Some occasions are best not tackled sober. My friend and I decide that a coach trip on a Friday night to see a friend perform as Rod Stewart in a sold-out stage show at the Beck Theatre in Hayes, Middlesex, is one of these occasions. I don’t even know where Hayes is. I still don’t know where it is, and now I’ve been there. I think.

We apply ourselves to the task in hand with gusto, two bottles of fizz, and tupperware containing smoked salmon sandwiches. The sandwiches are because we’re sensible girls at heart: we wouldn’t dream of drinking on an empty stomach. 

It turns out that lots of people going on the trip, most of them other parents and teachers from our boys’ old primary school, which is how we all know one another, have the same idea. Only minus the tupperware full of sandwiches.

As the coach pulls away from the south London curb the roar of its engine is accompanied by a chorus of cork-popping and ring-pull fizzing. By the time we arrive at the theatre an hour and a half later everyone on the coach is in love with everyone else, especially my friend and I, who hug almost continuously from then on. It’s one of those nights best embraced head on, with lots of embracing.

“I think you’re my best friend in the whole world,” she says, more than once, “I love you.”

“I love you too,” I say.

But, to be reasonable, I love everyone. It’s the alcohol talking, of course, and possibly something to do with Rod Stewart. All that romance, all that singing and flirting and wooing over the years, all that shagging leggy blondes. It feels like his joie de vivre is spilling all over the place, like froth down the side of a badly poured pint in a provincial theatre bar.

Speaking of which, once at the theatre we’re ushered through the packed foyer to an over-lit, low-ceilinged holding room where there’s more booze and more familiar faces. Most of them belong to other ex-primary school parents. Some have come from as far as Bristol and Oxford to watch fellow ex-parent, Paul Metcalfe, play. He’s been performing a Rod Stewart tribute act for more years than he may care to remember. He's probably performed Maggie May more times than Rod Stewart has. He probably hates it. But if he does it doesn’t show.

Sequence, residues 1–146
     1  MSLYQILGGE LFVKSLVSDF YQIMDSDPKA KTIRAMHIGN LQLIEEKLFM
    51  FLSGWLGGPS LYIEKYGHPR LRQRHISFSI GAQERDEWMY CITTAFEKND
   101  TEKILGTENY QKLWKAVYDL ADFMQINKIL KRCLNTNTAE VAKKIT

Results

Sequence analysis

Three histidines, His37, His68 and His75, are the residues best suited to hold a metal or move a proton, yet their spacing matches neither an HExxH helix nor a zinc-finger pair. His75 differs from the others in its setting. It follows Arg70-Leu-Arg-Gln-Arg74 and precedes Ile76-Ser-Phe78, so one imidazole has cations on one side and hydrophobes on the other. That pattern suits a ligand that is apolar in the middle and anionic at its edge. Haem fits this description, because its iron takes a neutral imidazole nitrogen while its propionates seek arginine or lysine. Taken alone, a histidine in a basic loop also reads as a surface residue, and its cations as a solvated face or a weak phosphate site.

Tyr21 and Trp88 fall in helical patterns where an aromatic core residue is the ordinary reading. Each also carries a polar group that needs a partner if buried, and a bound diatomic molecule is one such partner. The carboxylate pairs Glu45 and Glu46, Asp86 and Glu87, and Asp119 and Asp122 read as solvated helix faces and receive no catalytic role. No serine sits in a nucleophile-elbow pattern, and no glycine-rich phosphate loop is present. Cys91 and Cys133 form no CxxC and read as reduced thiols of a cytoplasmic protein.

Paul Metcalfe as Rod.

Nearly every great night I’ve had in the last ten years has ended with Paul playing and singing, either at PTA do's in the primary school hall back in the day, or more recently at the back of someone's kitchen. The man’s a legend in his own south London house party.

I throw my arms around a few of the people I haven’t seen in ages, and they react in the ever-so-slightly tense manner that's only to be expected because they're stone cold sober, having just driven here, and a mob of forty pissed Londoners has suddenly rushed the room. More drinks are consumed, then finally we’re led through to the performance.

We’re quite surprised by the audience. They're not what we're used to. Most look rather glum... and elderly… and stationary. I try to resist the urge to say that the last time I went to the theatre it was on St Martin's Lane and Jim Broadbent was involved. Actually if my memory serves me correctly I may have failed to resist this. In fact by the time the evening ends I think I may have mentioned it to more than one person, more than once, some of them people I never met before. And if that sounds snobby… that's because it is.

Then the lights dip, and out of the dimness Paul/Rod appears. A sudden frenzy of madness grips us all. Maybe it's because we’re in Hayes. Maybe it's because it’s a Friday night. Maybe it's because it’s February. It's amazing any which way. Good times roll around every now and again; they’re rare, fleeting and unpredictable, and in this case probably best not analysed too deeply, if at all. Plus we’re all drunk. This definitely has something to do with it.

His performance is fantastic, possibly lent an extra je ne sais quoi by our party's enthusiastic reaction to it. We don’t just dance in the aisles, some of us dance on the stage, in particular the primary school literacy coordinator, who has to be forcibly pulled off it by security more than once. 

We're popping out of our seats and down the front like yo-yos. Poor Mr Security Man does manage to corral us back occasionally, but then we jump up again the minute we hear the opening bars of something familiar. And a lot of it is weirdly familiar. Well, come on! I defy anyone to remain seated while their mate on stage sings 'Da Ya Think I'm Sexy?' right at you. A friend bopping next to me shouts out, "He's so sexy! There isn't a dry seat in the house!" and I laugh, a lot, because that's funny.

There are knickers thrown. I don't know where they come from, from somewhere behind me, hopefully not from the fat sedentary ladies sitting glumly up back. When Paul takes to the aisles and passes close by, I manage to successfully redirect a few of the tinier pairs round his head, like I'm lassoing a coconut. 

At the show.

A multitude of encores later and finally it's time for our return to south London: a raucous school trip/end of term dancing in the aisles, sing-along to Rod Stewart's Greatest Hits. I sit across from my kids’ ex-primary school head teacher and in between singing we talk about the state of state education, his children, my children, what they and we are doing with our lives, (I think that’s what we talk about anyway) and then I have an overwhelming urge to get up and dance as well. So I do.

“Great dancing,” says my kids’ ex-primary school head teacher, addressing my stomach. “You do know I love you, Elizabeth.”

“I do,” I say, “and I love you too, Alan.”

Love E x


P.S. Still not exactly up to the minute music-wise but at least Rod Stewart's alive, and he is about to go on tour. Oh, and Middle One did just get me to book some Adam Ant tickets for Brixton in the summer. Any better? Yeah, I know. Not really. 

With Alan.